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U.S. Expects 1 Million Doses of Covid Antibody Before 2021

Bloomberg logo Bloomberg 10/9/2020 Riley Griffin and Jeannie Baumann
A lab worker uses a pipette while trying to isolate the presence of the coronavirus during the swab test process at a laboratory in Amedeo di Savoia hospital in Turin, Italy, on Friday, Feb. 28, 2020. © Bloomberg A lab worker uses a pipette while trying to isolate the presence of the coronavirus during the swab test process at a laboratory in Amedeo di Savoia hospital in Turin, Italy, on Friday, Feb. 28, 2020.

(Bloomberg) -- The U.S. has already secured hundreds of thousands of doses of experimental antibody treatments for Covid-19 in anticipation of regulators authorizing their emergency use, federal health officials said on Friday.

The government expects to have 1 million doses of the so-called monoclonal antibody treatments on hand before year-end.

The treatments have come into the spotlight after President Donald Trump received one such experimental therapy last week for his case of Covid-19.

Eli Lilly & Co. and Regeneron Pharmaceuticals Inc. this week asked the U.S. Food and Drug Administration for emergency-use authorizations for their antibody therapies but haven’t yet received clearance. Trump has since repeatedly promised to hasten their approval, widen access and provide them to Americans for free.

“We have engaged in a number of contracts for procurement of these monoclonal antibodies already,” said Paul Mango, deputy chief of staff for policy at the Department of Health and Human Services. The government is acquiring doses through its Strategic National Stockpile as they are manufactured, he said.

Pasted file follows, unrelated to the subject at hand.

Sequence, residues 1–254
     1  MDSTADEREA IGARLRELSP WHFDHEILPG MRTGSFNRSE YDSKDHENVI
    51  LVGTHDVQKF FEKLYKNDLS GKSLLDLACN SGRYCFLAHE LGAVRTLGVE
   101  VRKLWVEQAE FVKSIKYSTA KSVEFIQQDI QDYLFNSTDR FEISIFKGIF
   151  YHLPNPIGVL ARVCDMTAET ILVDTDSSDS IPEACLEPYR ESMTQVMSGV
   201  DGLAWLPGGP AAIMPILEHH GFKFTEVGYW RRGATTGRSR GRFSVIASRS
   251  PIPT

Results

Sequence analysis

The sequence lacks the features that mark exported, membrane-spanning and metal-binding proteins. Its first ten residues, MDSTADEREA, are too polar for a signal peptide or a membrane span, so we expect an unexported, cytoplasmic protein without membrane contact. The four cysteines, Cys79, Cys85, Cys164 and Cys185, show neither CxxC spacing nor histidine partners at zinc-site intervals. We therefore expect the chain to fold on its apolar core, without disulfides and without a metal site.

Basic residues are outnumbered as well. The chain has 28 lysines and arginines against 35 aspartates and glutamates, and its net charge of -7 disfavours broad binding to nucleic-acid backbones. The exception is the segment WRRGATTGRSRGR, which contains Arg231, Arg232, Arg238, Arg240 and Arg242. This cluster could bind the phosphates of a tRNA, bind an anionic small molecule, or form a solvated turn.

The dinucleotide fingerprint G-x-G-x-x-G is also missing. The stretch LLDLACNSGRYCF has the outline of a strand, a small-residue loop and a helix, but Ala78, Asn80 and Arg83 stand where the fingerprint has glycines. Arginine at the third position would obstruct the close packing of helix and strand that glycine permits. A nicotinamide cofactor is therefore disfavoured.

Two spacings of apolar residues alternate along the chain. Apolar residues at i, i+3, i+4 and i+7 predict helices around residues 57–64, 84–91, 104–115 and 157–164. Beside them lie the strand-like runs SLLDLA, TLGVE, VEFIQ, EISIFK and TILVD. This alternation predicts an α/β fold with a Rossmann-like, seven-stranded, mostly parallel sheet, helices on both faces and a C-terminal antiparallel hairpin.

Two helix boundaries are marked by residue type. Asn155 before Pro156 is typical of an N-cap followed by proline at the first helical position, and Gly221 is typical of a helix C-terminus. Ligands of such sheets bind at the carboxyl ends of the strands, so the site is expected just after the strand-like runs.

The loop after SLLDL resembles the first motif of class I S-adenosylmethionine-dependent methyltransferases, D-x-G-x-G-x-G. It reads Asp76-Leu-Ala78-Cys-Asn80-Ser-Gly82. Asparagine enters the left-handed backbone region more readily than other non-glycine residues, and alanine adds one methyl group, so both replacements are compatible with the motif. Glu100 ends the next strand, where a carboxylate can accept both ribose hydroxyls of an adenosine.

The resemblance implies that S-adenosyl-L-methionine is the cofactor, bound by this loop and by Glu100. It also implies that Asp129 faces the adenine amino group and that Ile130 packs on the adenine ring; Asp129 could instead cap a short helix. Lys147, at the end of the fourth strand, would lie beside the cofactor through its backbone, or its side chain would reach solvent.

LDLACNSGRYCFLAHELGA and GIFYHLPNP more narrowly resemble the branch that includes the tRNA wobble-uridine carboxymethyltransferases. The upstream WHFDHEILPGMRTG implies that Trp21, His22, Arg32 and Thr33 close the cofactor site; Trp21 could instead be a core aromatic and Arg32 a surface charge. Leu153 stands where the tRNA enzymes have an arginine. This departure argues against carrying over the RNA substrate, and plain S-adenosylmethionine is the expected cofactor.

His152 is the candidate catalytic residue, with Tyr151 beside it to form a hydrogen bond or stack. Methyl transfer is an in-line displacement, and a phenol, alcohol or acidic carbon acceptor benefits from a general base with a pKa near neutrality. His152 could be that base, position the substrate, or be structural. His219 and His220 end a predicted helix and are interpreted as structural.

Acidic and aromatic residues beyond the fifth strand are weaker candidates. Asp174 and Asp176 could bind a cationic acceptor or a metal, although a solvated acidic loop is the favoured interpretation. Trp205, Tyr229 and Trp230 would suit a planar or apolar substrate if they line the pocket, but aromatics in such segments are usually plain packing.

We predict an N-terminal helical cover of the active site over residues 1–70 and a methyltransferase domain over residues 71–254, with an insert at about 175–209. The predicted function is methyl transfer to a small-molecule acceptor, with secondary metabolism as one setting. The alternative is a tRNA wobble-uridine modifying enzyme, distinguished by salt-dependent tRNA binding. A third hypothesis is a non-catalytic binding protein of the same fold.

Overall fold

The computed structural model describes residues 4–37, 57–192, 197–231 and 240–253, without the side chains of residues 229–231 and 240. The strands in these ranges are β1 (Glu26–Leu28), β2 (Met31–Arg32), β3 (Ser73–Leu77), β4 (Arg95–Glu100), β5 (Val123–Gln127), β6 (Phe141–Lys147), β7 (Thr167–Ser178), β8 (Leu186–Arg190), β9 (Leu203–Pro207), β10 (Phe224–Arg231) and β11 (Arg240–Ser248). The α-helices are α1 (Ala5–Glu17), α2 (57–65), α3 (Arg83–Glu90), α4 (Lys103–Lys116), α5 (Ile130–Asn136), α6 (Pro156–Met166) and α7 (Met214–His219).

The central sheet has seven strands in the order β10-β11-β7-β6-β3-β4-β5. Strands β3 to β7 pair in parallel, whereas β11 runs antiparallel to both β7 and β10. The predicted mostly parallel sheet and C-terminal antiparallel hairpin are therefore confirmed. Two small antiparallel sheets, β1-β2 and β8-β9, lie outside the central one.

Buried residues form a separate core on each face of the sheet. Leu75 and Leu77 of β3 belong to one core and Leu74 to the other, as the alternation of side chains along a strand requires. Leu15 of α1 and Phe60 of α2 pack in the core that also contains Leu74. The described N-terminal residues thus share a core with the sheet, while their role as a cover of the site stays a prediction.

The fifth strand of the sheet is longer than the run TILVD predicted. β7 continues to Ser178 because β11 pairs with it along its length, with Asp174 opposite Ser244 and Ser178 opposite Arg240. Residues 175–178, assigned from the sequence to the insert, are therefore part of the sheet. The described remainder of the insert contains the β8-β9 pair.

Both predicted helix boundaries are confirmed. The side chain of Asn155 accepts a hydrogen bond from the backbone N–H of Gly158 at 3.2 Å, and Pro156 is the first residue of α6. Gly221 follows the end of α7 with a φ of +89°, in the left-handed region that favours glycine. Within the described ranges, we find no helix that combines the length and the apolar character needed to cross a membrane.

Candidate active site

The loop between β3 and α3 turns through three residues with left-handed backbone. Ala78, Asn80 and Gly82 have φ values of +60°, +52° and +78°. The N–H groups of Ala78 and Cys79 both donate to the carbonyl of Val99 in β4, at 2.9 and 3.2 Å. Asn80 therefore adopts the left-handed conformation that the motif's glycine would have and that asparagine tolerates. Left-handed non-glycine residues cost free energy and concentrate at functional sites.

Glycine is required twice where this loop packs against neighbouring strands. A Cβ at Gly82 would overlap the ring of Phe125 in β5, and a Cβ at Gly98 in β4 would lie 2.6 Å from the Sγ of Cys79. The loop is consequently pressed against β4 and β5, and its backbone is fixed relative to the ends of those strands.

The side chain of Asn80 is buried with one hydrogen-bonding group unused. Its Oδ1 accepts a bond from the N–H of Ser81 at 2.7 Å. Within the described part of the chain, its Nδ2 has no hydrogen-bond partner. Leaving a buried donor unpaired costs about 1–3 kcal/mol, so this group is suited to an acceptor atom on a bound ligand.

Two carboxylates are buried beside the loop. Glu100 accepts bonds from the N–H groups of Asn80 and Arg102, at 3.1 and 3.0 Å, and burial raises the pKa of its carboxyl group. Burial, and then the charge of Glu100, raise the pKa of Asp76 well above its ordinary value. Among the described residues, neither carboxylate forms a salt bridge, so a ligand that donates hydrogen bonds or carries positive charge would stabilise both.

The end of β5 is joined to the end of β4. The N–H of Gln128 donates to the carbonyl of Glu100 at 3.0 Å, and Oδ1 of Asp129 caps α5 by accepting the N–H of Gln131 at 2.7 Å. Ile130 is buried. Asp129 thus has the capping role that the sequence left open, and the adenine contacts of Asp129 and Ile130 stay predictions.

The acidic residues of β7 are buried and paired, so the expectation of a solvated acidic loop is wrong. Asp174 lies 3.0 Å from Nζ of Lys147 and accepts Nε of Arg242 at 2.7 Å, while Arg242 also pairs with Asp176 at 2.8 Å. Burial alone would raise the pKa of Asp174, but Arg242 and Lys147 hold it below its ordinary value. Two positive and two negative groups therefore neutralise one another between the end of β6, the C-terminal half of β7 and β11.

Read more: Trump hails antibody treatment

Mango spoke during a briefing on the latest developments of Operation Warp Speed, the White House-led effort to expedite the development, manufacturing and distribution of coronavirus vaccines and treatments.

Early data from Lilly’s single antibody and Regeneron’s antibody cocktail suggest both are effective in keeping people infected with the new coronavirus out of the hospital.

“The interest in the monoclonal antibodies is quite high,” said Janet Woodcock, director of the Center for Drug Evaluation and Research at the FDA. Woodcock, who is serving as a part of Operation Warp Speed, has recused herself from taking part in the approval decisions related to coronavirus therapeutics.

Biggest Challenge

Health-care experts and industry executives have said that manufacturing poses the most significant challenge in getting antibody treatments to all who may need it. The process is costly and demand is likely to outstrip supply.

Lilly said earlier this week it would have 100,000 doses of the single-antibody product its developing with Canadian biotech AbCellera Biologics Inc. available in October, and as many as 1 million doses available by year-end.

The Indianapolis-based pharmaceutical giant is also studying a cocktail of two antibodies, and expects to approach regulators for authorization in November and seek full approval in the second quarter of 2021. Supplies of the cocktail, which adds in a second antibody that Lilly licensed from Shanghai Junshi Biosciences Co., are much more limited, with only about 50,000 doses available this year.

Regeneron said Wednesday it has enough doses for about 50,000 patients and expects to have enough doses available for 300,000 patients in the next few months. Warp Speed officials said the distribution plan will be similar to remdesivir, with the federal government allocating to states with the highest need.

The greatest challenge ahead, Woodcock said, will be coordinating sites where patients can receive the antibody treatments, which must be administered intravenously by health-care professionals, unlike vaccines, which can be given from the more convenient confines of a pharmacy.

(Updates with details under the Biggest Challenge subheadline)

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